Nepal has been a loyal friend for decades, and Indian diplomacy needs to use tact rather than the overly big boss approach
The middle class in India don’t generally see Kathmandu as ‘foreign’; instead viewing it as very nearly part of India, which is forgivable since Nepali citizens come and go freely, and can rarely be differentiated from our own diverse population.
Which is why many would have been shocked at recent tensions between the two countries, with Nepali Prime Minister Khadga Prasad Sharma Oli publicly upbraiding India. Worse, his government seemed determined to up the ante by issuing a political and administrative map that added 335 sq miles of Indian territory to its own, which included an area where Defence Minister Rajnath Singh had recently inaugurated a new road for pilgrims to reach Kailash Mansarovar.
All of this has placed the cat squarely among the pigeons. The disputed area, which includes Kalapani, Limipiyadhura and Lipulekh, are of vital importance to India, and Kathmandu knows it only too well.
Ongoing tensions with Nepal followed the re-designation of Jammu and Kashmir as a Union territory, and a new map of November that showed Kalapani as part of India. That reflected ground realities to the last inch. Nepali commentators observe that there was always a ‘gentleman’s agreement’ that issuance of any new map would be done after a quiet consultation with Kathmandu. Perhaps this was not done.
Then on May 8, Singh declared open an 80-km road to link up with Lipulekh, the gateway to Tibet. China would certainly have objected to that, as it now objecting with troops to roads to infrastructure in Ladakh. China has raised Lipulekh before. In 2018, Wang Wenli, a senior official dealing with Boundary and Ocean Affairs remarked “the Indian side has also many trijunctions. What if we use the same excuse and enter the Kalapani region between China, India and Nepal…”
That China has been making inroads into Nepal has been apparent for some time. Oli made a grand visit to Beijing in 2018, with a joint statement reiterating commitment to the Belt and Road Initiative (BRI) — a sure red rag to India — and identifying a range of bilateral projects. Nepal is hardly a thriving destination market for Chinese goods, which means that the real intention is strategic.
The visit of President Xi Jinping to Nepal followed, in the first by a Chinese President since 1996. The extent of Chinese influence in political circles became apparent in the unprecedented instance of the Chinese Ambassador to Nepal, Hou Yanqi, virtually mediating in an intra-party fight that threatened to bring down Oli.
The Chinese soothing down of political tensions was necessitated by consistent infighting in the recently-formed Nepal Communist Party (NCP). The NCP saw the surprising merger of the usually inimical Communist Party of Nepal (Unified Marxist Leninist) led by Oli, and the Communist Party of Nepal (Maoist Centre) headed by Pushpa Kumar Dahal or Prachanda. On paper the NCP government is the strongest ever to hold office in Nepal, but, power sharing has become an issue with Prachanda and other leaders increasingly side-lined.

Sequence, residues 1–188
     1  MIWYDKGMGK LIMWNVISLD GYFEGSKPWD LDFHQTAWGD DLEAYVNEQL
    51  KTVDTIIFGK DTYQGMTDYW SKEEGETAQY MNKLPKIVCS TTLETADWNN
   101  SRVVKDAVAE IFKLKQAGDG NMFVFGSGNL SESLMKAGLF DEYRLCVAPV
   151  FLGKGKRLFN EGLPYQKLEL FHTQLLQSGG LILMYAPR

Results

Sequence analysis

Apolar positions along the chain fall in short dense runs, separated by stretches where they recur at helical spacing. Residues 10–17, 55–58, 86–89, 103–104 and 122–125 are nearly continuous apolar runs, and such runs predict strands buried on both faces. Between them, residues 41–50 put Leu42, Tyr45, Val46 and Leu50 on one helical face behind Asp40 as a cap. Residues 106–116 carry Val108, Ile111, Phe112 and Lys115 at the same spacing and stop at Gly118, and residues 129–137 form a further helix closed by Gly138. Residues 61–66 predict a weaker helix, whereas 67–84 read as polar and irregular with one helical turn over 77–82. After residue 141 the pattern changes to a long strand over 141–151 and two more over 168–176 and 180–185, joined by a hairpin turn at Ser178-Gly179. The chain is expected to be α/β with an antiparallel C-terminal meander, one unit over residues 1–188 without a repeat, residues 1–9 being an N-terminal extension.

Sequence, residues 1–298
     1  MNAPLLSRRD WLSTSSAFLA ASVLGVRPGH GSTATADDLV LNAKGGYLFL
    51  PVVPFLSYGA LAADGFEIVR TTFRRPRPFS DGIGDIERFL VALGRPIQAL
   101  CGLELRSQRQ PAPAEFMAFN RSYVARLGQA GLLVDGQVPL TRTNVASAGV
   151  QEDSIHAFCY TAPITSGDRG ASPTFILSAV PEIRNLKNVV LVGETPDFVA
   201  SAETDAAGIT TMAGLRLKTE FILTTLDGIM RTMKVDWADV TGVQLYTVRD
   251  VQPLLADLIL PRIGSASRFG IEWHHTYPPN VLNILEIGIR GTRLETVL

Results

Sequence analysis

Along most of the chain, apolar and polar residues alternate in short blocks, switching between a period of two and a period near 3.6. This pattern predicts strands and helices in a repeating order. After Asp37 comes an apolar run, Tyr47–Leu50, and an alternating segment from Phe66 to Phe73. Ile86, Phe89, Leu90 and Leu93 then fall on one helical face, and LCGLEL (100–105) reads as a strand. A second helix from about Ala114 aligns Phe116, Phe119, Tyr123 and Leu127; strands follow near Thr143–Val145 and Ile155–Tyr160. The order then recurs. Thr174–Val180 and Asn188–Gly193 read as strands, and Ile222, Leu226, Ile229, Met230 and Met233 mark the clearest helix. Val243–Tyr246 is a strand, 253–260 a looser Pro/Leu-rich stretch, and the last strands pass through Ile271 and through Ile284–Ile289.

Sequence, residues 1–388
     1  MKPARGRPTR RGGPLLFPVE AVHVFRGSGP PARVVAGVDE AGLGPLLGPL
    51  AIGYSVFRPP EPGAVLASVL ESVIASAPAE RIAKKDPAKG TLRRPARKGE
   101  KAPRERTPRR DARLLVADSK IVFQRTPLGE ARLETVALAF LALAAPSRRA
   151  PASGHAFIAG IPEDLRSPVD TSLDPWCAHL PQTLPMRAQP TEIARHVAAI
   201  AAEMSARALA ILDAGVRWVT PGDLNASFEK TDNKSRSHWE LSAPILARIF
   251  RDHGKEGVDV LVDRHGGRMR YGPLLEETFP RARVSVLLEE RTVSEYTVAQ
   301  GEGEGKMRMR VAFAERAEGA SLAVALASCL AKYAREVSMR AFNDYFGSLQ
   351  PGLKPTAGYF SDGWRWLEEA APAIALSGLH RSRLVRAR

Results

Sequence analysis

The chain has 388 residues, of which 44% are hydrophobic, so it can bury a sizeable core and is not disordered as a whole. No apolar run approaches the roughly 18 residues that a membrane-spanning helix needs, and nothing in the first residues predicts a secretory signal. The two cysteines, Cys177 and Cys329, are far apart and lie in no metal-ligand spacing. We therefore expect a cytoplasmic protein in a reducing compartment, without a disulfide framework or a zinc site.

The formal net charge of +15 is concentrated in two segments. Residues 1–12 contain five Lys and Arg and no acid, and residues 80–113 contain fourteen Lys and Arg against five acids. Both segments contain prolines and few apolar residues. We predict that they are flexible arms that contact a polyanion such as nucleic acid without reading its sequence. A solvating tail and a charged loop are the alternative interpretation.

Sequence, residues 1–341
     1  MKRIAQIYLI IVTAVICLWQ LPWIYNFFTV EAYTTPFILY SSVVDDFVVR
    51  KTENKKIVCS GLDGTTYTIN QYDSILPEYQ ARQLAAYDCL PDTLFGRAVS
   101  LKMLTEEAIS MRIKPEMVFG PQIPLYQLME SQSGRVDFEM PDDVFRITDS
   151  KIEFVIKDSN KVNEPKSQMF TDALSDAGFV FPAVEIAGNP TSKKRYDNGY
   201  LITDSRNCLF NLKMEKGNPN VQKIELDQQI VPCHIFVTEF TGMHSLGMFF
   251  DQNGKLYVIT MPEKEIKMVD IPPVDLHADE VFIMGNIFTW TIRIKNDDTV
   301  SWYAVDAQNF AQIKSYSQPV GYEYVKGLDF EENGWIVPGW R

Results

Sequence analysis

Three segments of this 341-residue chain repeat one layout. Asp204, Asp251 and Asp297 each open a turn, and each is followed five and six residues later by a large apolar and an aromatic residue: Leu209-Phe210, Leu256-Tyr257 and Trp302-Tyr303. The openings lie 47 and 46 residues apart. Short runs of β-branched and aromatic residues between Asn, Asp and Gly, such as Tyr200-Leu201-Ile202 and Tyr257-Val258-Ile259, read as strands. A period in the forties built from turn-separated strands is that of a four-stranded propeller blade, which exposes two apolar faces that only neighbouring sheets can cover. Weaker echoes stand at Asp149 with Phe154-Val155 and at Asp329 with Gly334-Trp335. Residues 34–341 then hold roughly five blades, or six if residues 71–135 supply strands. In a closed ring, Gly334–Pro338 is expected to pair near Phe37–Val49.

Oli’s authoritarian tendency, apparent recently in the promulgation of two ordinances designed to give his more space for manoeuvre, further alienated the others. Prachanda has since teamed up with powerful leaders such as Madhav Nepal, Jhalanath Kanal and Bamdev Gautam, all powerful former comrades of Oli. Oli is in trouble, and his unusually harsh stance — which included a diplomatic note to the Indian Ambassador on the opening of the road, the issuing of the map, and claiming that the ‘Indian virus’ was more virulent than the Chinese or Italian strains — seems aimed at showcasing him as a nationalist leader.
This posturing was uncalled for, and so was Indian Army Chief MM Naravane’s statement that Nepal was acting at the instance of “another country”. India and Nepal share multifarious military links, all of which are precious. Nepal Army Chief Purna Chandra Thapa was far more sensible, when he was asked to reiterate with a strong rebuttal. General Thapa reportedly refused to be involved in a political matter, leaving the Defence Minister to issue a statement.
Then there is the manner in which the Indian bureaucracy has seen fit to deal with a friendly neighbour. Harsh statements on ‘cartographic aggression’ could have been toned down, and the Nepal Ambassador has yet to get an appointment with an Indian official. A quiet talk with the ambassador could surely have been arranged, at a time when most Nepali politicians are incensed at the charge of collaborating with China in particular.
It should be of interest that Chinese nationals, stuck in Nepal due to the lockdown, have since been caught on camera in clashes with Nepali forces, which was met with strong hostility by mainstream media. The Chinese embassy waded in to contain the issue, but the incident serves to show what is apparent in Pakistan as well — that Chinese presence is not always welcomed by the locals. There are several shades to this problem, and New Delhi needs to pick the one that suits its goals.
Nepal has been a loyal friend for decades, and Indian diplomacy needs to use tact rather than the overly big boss approach. This is not about China. It’s about our inability to use a time-tested friendship to prevent hostile countries from gaining this extent of political, physical and economic ingress. Middle class India may see Nepal as ‘nearly’ a part of India, but that mentality should not be allowed to pervade upwards. A proud Nepali nation deserves more.Tara Kartha is former director, National Security Council Secretariat. Views are personal.